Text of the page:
One form of a riser top joint with which the present invention may be used is depicted in FIG. 2 generally at 22. Lower end 24 is internally threaded to connect with standard riser joint in a conventional manner. Note, although a straight-walled thread is depicted, a tapered thread may be used if desired. The internal diameter of section 22 is to be the same as any other riser section in the particular string 14. The first outer diameter 26 will match that of the remainder of the riser. However, a second outer diameter is formed by a plurality of generally annular protrusions 28 that are generally equally spaced. In the top joint shown in FIG. 2, generally cylindrical protrusions 28 are formed by a continuous helical groove 30 formed on the outer surface of riser top joint 22.
An alternate top joint configuration is depicted in FIG. 3. In this configuration, annular protrusions 28 are formed as cylindrical protrusions of a specified length and particular spacing rather than as a continuous helical groove. These design characteristics (length and spacing) will be selected in accordance with the particular needs of the application such as tensioner load parameters, accuracy of water depth measurement, etc. The surface of the riser may be scored as at 31 adjacent the bottom of each protrusion 28 for reasons to become apparent hereinafter.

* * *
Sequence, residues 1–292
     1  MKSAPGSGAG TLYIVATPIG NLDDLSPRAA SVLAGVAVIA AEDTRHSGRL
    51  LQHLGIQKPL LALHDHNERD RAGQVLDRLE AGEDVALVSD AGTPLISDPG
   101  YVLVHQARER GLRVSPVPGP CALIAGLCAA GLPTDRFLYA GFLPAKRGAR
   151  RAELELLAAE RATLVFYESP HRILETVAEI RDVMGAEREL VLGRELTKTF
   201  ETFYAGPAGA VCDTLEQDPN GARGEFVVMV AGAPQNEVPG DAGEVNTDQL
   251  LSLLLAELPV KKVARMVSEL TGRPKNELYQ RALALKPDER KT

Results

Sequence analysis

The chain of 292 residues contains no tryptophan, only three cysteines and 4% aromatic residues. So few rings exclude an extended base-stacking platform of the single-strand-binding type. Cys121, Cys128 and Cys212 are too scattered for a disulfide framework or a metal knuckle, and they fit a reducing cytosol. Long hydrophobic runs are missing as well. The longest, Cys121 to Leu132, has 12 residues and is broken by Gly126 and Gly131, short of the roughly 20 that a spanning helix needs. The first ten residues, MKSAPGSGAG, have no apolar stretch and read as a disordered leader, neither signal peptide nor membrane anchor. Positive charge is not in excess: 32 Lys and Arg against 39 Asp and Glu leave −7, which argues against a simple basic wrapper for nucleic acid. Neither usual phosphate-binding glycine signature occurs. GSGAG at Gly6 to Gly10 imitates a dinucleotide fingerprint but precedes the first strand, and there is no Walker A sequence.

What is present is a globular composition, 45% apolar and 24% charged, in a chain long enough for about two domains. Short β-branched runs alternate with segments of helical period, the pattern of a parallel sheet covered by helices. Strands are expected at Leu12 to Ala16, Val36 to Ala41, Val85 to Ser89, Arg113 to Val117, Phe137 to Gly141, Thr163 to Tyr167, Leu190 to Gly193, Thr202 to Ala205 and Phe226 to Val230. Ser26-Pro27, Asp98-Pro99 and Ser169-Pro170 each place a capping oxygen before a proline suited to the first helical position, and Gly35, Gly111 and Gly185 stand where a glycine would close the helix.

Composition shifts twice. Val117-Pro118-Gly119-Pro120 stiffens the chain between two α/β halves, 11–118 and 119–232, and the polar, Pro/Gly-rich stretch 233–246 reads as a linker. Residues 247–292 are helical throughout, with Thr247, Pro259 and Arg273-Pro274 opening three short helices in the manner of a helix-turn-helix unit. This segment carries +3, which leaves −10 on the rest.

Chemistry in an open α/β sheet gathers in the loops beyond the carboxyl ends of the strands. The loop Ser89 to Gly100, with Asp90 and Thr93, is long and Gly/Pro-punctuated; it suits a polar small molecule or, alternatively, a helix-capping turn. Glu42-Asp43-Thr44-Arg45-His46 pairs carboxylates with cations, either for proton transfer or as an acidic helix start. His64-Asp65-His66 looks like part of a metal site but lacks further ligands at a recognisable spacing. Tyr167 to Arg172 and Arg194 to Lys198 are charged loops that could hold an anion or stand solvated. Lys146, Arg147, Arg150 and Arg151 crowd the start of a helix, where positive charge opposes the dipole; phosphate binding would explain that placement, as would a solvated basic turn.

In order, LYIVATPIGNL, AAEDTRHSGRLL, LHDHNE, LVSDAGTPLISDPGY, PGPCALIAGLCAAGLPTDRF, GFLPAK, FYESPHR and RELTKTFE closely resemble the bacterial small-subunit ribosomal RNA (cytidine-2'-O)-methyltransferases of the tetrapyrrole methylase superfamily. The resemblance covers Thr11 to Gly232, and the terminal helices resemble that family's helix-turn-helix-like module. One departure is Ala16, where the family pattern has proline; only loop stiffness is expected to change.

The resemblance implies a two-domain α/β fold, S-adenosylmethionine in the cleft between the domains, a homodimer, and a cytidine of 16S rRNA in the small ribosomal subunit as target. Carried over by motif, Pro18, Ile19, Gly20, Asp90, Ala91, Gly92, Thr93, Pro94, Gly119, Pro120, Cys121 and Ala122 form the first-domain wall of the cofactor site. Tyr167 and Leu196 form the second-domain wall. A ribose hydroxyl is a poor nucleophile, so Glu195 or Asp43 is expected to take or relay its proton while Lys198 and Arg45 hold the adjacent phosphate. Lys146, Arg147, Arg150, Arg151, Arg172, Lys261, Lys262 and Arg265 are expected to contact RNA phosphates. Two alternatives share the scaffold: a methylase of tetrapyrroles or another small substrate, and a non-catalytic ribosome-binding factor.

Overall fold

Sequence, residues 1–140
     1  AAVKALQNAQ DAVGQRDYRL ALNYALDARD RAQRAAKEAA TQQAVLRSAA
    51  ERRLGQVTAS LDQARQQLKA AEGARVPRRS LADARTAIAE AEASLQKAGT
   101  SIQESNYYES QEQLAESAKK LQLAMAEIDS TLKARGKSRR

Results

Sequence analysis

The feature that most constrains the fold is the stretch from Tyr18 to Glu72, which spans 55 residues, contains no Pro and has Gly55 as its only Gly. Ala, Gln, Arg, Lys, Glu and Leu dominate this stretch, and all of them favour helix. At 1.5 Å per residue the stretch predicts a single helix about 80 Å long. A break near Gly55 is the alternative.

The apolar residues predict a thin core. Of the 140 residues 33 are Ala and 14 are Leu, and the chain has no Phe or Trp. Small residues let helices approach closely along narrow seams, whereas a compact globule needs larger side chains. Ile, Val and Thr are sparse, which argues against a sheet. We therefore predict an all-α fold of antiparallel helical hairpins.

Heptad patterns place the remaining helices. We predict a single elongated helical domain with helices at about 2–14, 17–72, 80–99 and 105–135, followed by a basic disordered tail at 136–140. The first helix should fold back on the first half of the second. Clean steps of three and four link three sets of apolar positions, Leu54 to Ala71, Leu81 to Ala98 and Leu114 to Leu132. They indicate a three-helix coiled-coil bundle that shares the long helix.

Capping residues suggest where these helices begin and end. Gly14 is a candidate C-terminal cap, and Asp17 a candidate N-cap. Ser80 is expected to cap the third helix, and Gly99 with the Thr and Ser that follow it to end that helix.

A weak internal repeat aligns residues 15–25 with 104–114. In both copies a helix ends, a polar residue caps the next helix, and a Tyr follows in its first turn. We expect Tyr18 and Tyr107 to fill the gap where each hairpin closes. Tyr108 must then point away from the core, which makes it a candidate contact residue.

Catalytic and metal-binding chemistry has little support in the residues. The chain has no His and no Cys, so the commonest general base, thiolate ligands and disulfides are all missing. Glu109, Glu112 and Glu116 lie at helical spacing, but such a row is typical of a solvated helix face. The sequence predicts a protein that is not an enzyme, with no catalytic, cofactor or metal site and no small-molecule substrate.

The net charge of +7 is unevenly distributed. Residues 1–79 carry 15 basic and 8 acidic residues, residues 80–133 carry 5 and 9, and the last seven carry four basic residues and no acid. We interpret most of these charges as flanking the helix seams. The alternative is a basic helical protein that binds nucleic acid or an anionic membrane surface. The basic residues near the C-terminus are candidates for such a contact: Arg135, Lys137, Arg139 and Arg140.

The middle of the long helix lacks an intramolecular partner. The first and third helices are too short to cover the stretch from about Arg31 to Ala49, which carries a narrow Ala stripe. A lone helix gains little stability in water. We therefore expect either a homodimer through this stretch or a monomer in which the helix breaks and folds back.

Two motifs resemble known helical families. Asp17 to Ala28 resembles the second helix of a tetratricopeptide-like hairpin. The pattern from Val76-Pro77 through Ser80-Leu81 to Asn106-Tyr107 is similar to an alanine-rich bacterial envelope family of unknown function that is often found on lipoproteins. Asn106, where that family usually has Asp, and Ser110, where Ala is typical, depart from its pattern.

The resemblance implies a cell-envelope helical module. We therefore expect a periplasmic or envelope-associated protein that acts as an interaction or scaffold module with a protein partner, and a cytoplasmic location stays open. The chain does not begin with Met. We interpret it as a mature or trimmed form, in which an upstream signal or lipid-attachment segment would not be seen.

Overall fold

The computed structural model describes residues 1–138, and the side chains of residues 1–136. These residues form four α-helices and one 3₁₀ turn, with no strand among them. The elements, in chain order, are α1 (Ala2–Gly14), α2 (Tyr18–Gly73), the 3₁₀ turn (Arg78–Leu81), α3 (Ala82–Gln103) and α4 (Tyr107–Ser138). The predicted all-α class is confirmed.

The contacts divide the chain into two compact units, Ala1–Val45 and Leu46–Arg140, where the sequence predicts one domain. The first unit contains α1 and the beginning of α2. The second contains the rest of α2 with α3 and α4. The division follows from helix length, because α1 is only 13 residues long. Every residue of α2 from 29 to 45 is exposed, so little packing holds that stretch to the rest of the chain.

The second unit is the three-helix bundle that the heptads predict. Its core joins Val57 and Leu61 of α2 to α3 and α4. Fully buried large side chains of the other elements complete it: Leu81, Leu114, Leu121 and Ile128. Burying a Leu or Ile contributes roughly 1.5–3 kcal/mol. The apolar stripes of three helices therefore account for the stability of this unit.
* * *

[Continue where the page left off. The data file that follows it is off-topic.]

In both the FIG. 2 and the FIG. 3 top joint configurations, top joint 22 extends through hole 20 in such a manner that a first plurality of annular protrusions 28 extend above the top surface 19 of deck 18 while a second plurality extend below the bottom surface 17 of the deck 18. The first plurality of protrusions 28 serve as a plurality of connection points for well tree 32. Well tree 32 may be attached at any of the potential connection points by cutting off excess length of the riser guided initially by a thread groove or by the appropriate score line 31, installing either a unitary or a split segmented collar 34 at a position spaced from the top end of the riser top joint, attaching well tree 32 to the top end of joint 22 and positioning packoff 36 upon collar 34. With respect to the utilization of the embodiment employing helical groove 30, the top 4 to 8 turns of the groove will be machined off after the riser joint has been cut to length so packoff 36 will have a smooth surface to engage.